I really enjoy reading what Pete Earley writes. He’s a journalist, but I think it’s his heart for the plight of individuals with mental illness and the least fortunate that really make his work interesting for me. His latest blog post wonders if Europeans view mental illness differently than we do here in the U.S.
Honestly, after reading the posts as well as knowing some people from Europe, I think that it is both the case that they view and treat people with mental illness differently. One of the things that struck me the most reading the opinions of those Pete posed the question to was the perspective that in the U.S. it is feeling that, “Everyone must pull themselves up by their own bootstraps.” I have to say that I wholeheartedly agree that here in the U.S. my view is that overwhelmingly people feel that way, and it makes me very sad.
We stigmatize, we point fingers, we do many things to avoid being truly, meaningfully helpful to others. It is always “someone else’s problem.” Now, of course, I am not saying that everyone feels this way, but when I look at comments on news stories, especially anything to do with the welfare system or stories like that of Kelly Thomas it is apparent to me how very far we have to go in this country regarding empathy and compassion.
Having a child (or more than one) with a mental illness is an incredibly difficult and overwhelming prospect. Once they get to be teenagers, it becomes doubly so. Families are faced with the prospect of a child turning 18 and then, for all purposes regarding care, being “on their own.”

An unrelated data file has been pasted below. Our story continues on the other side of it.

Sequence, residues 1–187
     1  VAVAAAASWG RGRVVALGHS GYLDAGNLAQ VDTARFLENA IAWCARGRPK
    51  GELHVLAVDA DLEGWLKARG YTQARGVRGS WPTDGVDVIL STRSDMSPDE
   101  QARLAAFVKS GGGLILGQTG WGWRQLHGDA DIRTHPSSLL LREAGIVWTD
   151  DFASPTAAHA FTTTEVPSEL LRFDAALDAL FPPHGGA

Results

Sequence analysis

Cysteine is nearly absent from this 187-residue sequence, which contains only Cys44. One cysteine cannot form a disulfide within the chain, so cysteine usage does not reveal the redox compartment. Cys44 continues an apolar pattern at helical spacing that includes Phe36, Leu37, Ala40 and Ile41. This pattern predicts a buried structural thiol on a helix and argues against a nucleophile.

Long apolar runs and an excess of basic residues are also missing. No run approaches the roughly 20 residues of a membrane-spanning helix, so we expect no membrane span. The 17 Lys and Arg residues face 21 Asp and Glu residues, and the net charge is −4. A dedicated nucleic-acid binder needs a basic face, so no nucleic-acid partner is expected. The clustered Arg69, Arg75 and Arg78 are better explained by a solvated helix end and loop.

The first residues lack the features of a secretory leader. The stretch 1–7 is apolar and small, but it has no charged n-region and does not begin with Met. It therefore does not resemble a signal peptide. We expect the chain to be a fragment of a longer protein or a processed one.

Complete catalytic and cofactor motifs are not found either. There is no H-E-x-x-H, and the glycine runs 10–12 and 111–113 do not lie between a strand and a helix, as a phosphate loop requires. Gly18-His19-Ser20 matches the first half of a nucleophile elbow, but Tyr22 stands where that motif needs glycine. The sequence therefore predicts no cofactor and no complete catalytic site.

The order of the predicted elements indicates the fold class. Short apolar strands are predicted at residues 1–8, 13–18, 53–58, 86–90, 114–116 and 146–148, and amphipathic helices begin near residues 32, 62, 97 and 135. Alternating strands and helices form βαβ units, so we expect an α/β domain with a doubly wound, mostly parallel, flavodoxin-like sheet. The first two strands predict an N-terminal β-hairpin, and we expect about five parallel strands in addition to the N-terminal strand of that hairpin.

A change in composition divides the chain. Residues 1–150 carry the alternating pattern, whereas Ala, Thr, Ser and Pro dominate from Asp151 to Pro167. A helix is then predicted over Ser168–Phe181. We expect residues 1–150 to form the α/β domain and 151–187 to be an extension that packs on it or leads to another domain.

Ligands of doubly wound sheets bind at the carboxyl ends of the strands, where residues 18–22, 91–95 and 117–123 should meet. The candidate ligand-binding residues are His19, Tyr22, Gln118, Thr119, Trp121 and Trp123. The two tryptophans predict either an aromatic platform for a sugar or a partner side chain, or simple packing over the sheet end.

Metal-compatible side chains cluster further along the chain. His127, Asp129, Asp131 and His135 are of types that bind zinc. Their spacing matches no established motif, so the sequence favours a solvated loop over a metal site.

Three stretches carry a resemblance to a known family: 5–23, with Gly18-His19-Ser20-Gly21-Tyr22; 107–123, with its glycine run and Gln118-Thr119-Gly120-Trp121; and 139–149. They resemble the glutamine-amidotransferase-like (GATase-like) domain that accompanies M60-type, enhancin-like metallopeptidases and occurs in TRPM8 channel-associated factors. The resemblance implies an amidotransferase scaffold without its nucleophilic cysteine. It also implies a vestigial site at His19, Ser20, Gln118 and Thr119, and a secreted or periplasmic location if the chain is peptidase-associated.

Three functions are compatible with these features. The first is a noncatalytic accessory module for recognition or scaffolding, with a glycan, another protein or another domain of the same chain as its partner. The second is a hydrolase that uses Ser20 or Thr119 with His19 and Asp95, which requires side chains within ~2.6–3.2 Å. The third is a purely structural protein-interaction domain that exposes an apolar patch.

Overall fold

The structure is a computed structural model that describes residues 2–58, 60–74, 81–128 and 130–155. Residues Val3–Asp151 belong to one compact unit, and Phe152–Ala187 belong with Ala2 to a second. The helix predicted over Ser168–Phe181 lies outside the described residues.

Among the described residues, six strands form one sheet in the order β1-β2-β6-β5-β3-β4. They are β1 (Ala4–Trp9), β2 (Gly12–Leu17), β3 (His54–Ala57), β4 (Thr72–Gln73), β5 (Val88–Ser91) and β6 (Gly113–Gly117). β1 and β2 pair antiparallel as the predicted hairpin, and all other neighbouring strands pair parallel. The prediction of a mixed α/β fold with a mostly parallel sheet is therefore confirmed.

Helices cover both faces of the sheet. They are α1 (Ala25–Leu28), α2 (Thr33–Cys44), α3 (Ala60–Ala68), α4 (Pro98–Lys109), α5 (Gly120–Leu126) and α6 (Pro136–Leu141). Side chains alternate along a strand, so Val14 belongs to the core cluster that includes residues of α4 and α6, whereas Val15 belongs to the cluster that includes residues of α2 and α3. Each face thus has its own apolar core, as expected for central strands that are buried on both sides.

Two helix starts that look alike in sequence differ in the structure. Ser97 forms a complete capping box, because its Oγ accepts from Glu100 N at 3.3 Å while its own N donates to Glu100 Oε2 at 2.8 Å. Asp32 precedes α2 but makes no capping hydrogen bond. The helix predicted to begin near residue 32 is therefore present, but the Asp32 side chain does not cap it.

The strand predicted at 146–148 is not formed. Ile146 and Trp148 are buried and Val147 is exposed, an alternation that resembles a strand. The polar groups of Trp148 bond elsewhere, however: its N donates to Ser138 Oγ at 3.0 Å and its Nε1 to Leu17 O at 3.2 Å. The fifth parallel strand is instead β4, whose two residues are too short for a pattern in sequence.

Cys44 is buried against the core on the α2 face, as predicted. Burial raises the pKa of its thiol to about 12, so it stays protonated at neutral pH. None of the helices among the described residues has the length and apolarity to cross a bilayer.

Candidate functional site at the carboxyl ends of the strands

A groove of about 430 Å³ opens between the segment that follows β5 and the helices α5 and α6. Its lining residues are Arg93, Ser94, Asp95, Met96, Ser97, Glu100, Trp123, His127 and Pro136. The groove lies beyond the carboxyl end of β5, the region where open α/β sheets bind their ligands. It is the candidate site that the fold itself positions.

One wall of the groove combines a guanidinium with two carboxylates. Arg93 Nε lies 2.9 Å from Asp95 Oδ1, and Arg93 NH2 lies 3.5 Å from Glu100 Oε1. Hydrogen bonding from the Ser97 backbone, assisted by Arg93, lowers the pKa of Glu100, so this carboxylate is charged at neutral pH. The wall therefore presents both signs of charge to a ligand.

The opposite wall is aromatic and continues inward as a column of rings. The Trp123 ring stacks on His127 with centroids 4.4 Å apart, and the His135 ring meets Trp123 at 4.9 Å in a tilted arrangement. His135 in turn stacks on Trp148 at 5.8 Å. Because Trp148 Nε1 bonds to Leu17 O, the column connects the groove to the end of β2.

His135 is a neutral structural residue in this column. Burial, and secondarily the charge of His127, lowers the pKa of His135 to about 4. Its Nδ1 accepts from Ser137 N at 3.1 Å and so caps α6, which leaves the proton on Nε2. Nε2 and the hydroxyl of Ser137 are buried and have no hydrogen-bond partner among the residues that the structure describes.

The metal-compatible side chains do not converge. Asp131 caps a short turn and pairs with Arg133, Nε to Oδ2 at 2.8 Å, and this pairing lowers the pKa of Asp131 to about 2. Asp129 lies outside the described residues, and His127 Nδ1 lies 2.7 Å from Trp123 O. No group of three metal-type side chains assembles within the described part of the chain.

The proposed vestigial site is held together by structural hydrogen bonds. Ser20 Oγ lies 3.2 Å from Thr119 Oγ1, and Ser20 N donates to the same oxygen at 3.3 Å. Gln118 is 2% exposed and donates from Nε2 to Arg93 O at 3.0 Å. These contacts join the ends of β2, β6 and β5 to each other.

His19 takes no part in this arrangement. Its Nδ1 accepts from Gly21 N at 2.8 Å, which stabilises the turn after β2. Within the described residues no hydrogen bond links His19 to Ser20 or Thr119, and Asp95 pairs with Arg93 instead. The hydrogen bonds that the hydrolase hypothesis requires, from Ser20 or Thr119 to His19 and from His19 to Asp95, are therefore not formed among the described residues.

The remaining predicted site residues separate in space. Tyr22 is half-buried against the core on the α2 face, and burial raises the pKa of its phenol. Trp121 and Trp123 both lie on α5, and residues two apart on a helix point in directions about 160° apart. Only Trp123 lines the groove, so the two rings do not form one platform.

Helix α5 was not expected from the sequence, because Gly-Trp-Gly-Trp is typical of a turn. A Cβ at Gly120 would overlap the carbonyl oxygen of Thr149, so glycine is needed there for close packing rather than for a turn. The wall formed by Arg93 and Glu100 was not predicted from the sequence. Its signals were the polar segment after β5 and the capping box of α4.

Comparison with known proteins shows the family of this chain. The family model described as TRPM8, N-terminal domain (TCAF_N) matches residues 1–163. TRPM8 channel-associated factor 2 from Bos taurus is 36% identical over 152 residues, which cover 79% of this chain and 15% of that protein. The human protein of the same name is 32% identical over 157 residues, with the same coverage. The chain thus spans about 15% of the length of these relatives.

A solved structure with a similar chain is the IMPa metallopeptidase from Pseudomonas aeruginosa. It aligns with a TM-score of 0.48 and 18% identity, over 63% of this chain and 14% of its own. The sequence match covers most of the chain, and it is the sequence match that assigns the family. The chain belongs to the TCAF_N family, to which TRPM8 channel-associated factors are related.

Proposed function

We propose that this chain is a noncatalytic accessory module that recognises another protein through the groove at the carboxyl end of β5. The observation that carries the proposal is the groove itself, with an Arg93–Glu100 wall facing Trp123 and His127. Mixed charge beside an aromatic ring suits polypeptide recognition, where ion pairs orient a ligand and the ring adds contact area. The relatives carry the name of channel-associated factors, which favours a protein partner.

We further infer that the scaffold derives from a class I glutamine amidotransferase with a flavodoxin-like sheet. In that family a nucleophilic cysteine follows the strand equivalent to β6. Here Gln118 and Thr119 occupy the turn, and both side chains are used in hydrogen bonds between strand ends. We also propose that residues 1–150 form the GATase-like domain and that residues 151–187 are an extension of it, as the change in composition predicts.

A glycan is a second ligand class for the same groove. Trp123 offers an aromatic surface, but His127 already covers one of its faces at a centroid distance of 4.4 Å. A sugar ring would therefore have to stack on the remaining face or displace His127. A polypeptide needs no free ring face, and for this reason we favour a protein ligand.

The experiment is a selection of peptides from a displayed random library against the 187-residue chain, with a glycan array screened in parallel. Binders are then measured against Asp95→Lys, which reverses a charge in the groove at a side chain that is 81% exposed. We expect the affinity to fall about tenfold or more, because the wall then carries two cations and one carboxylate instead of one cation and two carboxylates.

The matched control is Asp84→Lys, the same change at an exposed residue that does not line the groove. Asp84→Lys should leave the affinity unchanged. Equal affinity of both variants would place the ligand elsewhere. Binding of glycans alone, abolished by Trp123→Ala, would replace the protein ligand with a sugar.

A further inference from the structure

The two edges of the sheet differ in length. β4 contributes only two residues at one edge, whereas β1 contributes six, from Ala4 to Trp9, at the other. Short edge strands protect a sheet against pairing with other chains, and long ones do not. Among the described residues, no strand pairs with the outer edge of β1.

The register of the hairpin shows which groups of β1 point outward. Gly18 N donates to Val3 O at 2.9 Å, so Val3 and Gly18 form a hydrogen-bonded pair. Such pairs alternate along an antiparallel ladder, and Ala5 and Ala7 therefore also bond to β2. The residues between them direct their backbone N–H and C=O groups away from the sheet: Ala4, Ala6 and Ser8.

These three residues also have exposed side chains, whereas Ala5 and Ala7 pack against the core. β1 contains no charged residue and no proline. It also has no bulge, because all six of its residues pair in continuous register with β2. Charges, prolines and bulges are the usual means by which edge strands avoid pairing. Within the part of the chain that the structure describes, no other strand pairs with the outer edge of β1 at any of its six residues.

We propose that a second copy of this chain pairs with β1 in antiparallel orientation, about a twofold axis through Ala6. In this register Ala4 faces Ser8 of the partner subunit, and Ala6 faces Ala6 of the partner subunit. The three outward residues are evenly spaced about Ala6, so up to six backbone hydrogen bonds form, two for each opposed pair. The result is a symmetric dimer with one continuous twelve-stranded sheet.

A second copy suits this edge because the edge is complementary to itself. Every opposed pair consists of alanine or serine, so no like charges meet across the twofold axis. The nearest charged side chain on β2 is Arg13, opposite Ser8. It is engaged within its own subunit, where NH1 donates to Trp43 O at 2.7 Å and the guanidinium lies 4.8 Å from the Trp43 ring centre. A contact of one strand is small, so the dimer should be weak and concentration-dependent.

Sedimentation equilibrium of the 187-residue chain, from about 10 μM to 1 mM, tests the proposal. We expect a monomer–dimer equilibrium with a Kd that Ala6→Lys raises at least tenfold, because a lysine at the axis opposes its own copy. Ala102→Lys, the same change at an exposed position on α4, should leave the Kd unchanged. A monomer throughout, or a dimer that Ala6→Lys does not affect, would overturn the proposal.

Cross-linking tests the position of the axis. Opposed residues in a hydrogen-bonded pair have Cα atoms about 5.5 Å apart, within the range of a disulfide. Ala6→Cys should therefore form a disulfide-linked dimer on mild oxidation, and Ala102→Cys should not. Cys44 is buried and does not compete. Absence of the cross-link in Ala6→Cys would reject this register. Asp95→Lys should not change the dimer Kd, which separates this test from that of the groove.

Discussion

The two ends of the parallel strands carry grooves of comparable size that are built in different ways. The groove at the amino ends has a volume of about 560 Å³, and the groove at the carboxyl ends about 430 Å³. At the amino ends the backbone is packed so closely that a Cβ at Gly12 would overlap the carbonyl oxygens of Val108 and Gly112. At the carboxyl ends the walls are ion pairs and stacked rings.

One of the interesting comments Pete received was that Europeans, “are more comfortable with a “need for treatment” commitment standard….rather than only dangerousness.” I wish, here in the U.S., we were more focused on a need for treatment standard. Pete said that he received jaw drops when he mentioned, “The largest public mental health facility in the U.S. is a jail….” That fact is really something that should make everyone’s jaw drop. That is absolutely an unacceptable standard.
I’ll leave you with the ending of Pete’s article, which I thought was very poignant.
“What I can say is that every foreign crowd who hears me talk about how our jails and prisons have become our new asylums are stunned. How can a nation that values individual freedom so highly take away the freedom of individuals who are ill and need help?
They expect more of us.”
Thanks, Pete. I always count on you to have something very valuable to contribute.